The choice of whether to have a minimalist garden really does depend on personal style, as well as the architectural style of your home. The flow from inside to outside should feel seamless, so if you have a modern aesthetic, a minimalist garden can be a natural outdoor extension of your interior look.
You also need to consider your actual lifestyle rather than your idealized version of it. If your life involves kids, dogs, or both, designing to accommodate things like storage, irrigation, a barbecue, a place to sit, and shade are important. It should be beautiful, of course, but it should also be inviting and comfortable.
- Remember the importance of negative space, even a tiny courtyard or lawn can provide balance to a small garden.
- Include built-in seating in a corner to keep your garden from feeling crowded.
- Use a living wall to add lushness where ground space is limited.
- Step back and look at your yard with fresh eyes, then simplify and tidy.
- Even if your outdoor space seems overwhelming, pick just one thing that you most want to change.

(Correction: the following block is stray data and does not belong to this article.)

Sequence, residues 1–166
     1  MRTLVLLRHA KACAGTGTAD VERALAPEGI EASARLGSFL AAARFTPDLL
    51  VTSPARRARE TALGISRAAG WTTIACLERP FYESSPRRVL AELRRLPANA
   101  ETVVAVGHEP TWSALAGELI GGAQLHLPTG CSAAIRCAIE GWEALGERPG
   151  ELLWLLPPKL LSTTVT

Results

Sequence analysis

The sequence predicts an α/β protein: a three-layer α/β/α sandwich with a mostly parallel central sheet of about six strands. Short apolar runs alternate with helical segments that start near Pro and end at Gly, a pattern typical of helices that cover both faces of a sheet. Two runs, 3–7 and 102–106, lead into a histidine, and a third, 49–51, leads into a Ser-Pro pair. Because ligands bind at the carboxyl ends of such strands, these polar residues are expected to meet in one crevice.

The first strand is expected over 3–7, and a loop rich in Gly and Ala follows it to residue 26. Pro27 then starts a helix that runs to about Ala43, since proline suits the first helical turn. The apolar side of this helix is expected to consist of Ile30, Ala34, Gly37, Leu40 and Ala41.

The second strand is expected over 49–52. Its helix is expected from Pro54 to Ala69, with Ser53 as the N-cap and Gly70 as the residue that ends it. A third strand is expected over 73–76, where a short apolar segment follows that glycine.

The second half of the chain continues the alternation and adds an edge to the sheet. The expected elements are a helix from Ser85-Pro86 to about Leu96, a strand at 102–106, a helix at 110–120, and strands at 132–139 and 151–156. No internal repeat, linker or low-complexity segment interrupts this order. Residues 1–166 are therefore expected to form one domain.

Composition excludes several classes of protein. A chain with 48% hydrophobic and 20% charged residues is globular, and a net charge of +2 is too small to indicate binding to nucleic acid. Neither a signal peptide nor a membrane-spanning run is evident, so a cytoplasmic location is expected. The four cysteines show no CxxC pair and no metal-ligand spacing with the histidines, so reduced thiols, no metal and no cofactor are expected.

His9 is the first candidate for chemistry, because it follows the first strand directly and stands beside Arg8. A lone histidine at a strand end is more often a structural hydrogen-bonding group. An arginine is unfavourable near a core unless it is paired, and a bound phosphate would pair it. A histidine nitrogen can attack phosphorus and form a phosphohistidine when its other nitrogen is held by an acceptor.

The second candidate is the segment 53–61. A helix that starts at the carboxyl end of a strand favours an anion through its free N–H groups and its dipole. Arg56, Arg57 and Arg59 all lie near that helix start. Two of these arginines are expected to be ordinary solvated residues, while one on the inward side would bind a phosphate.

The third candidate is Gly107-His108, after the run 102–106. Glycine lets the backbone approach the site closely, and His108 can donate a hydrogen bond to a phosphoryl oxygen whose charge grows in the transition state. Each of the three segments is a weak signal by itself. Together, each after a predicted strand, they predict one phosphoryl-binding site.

- Think big. Ample pathways and gathering spaces are inviting, and large features are engaging in any size space.
- You can maximize the livability of a small yard by taking advantage of changes in terrain to segment the space into different living areas. Dividing a garden, even when small, often has the paradoxical effect of making it seem larger.
- In small gardens where space is too limited for major focal points, compose a series of mini views within the garden itself, offering interest in every direction while using plants to provide a framework.
- Divide the garden into outdoor rooms that echo and expand upon the home’s interior, giving both inside and out more purpose and making everything feel larger.
- If you plan to entertain groups, keep the furniture and plantings along the perimeter of the garden to allow for mingling in the center of the space.
- When selecting plants for a relatively small space, don’t go color crazy — stick with a more monochromatic scheme of cooler colors (such as blues, violets, yellows and silvery greens) — otherwise you may end up with a garden that feels close and confined.
- Don’t forget lighting to extend the use of your yard well into the night.